Strong Friendships in Adolescence Could Offer a Long-Term Measure of Resilience

The following is excerpted from an online article posted by MedicalXpress.

Good quality friendship has a significant impact on how young people affected by childhood trauma respond to social exclusion.

In a study published in Social Cognitive and Affective Neuroscience, researchers at the University of Birmingham showed that the quality of friendship among a cohort of 14-year-olds has a strong association with their ability to deal positively with social exclusion ten years later in early adulthood.

While social exclusion was the stressor to test resilient functioning—a long-term marker of resilience—used in the study, the research team argue that friendship is a strong indicator of a person’s overall resilient functioning, which they defined as an individual’s social, emotional and behavioral functioning in relation to the trauma that they have experienced.

Dr. Maria Dauvermann of the University’s School of Psychology and Institute for Mental Health said, “We would expect that everyone will have some problems with their mental health after any kind of stressful experience, at least in the short term. By using the definition of resilient functioning, we are taking a more sophisticated and dynamic approach that takes into account a whole range of different behavioral measures at different time points and in relation to the particular trauma severity that has been experienced.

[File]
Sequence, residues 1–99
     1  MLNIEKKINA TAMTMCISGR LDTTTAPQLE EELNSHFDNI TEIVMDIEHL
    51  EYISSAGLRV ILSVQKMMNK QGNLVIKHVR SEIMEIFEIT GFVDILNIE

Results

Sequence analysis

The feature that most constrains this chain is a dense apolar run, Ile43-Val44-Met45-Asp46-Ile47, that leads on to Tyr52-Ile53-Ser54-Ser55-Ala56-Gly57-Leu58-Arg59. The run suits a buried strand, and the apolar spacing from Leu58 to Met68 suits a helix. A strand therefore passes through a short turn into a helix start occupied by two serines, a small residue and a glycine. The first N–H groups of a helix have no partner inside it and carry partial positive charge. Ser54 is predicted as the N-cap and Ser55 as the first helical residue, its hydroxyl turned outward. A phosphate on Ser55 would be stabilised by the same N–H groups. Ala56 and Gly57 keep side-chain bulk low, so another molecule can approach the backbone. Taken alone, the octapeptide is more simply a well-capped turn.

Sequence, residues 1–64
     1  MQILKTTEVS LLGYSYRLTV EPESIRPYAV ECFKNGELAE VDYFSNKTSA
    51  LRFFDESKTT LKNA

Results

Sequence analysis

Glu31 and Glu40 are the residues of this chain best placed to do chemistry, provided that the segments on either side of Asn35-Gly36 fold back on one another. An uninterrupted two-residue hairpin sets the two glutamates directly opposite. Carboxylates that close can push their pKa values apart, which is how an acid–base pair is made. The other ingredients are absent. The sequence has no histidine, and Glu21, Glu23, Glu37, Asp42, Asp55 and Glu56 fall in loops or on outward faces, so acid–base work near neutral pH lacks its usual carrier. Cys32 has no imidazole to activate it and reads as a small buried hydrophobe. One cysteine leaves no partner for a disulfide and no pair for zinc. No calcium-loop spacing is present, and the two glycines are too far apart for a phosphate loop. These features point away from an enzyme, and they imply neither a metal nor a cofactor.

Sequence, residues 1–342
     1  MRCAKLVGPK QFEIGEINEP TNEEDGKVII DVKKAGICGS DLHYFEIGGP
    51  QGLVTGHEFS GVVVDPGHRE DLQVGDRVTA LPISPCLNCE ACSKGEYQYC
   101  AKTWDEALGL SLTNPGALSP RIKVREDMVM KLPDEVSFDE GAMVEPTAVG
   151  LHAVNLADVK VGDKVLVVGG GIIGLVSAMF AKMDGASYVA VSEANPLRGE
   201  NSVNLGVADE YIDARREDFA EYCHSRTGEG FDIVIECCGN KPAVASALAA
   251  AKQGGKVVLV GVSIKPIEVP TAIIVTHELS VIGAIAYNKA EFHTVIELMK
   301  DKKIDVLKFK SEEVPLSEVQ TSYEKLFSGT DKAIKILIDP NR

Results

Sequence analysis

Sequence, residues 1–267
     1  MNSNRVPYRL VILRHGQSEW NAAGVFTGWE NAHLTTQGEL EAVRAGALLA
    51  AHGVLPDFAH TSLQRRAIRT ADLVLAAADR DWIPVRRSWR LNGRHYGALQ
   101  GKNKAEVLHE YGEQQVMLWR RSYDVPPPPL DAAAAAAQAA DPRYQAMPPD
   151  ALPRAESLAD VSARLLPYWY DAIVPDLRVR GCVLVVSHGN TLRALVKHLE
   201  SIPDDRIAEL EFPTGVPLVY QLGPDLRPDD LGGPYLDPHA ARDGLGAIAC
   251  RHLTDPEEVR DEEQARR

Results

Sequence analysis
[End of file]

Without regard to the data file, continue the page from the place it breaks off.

In this longitudinal study, the researchers worked with a group of people aged 24 who had previously experienced childhood trauma and who also completed the Cambridge Friendship Questionnaire.

The questionnaire was completed by a cohort of 14-year-olds across 4 time points, with 1,238 participants completing the initial survey, and 436 remaining to complete the final survey at aged 24. Of this group, 62 people volunteered to take part in the brain imaging part of the study.

The results showed clearly that better friendship quality as reported in the Cambridge Friendship Questionnaire at age 14 and better resilient functioning at age 24, was strongly linked to a positive response to social inclusion, and therefore to better resilient functioning.

Source: MedicalXpress

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[reposted by] Jim Liebelt

Jim is Senior Writer, Editor and Researcher for HomeWord. Jim has 40 years of experience as a youth and family ministry specialist, having served over the years as a pastor, author, consultant, mentor, trainer, college instructor, and speaker. Jim’s HomeWord culture blog also appears on and Jim and his wife Jenny live in Quincy, MA.

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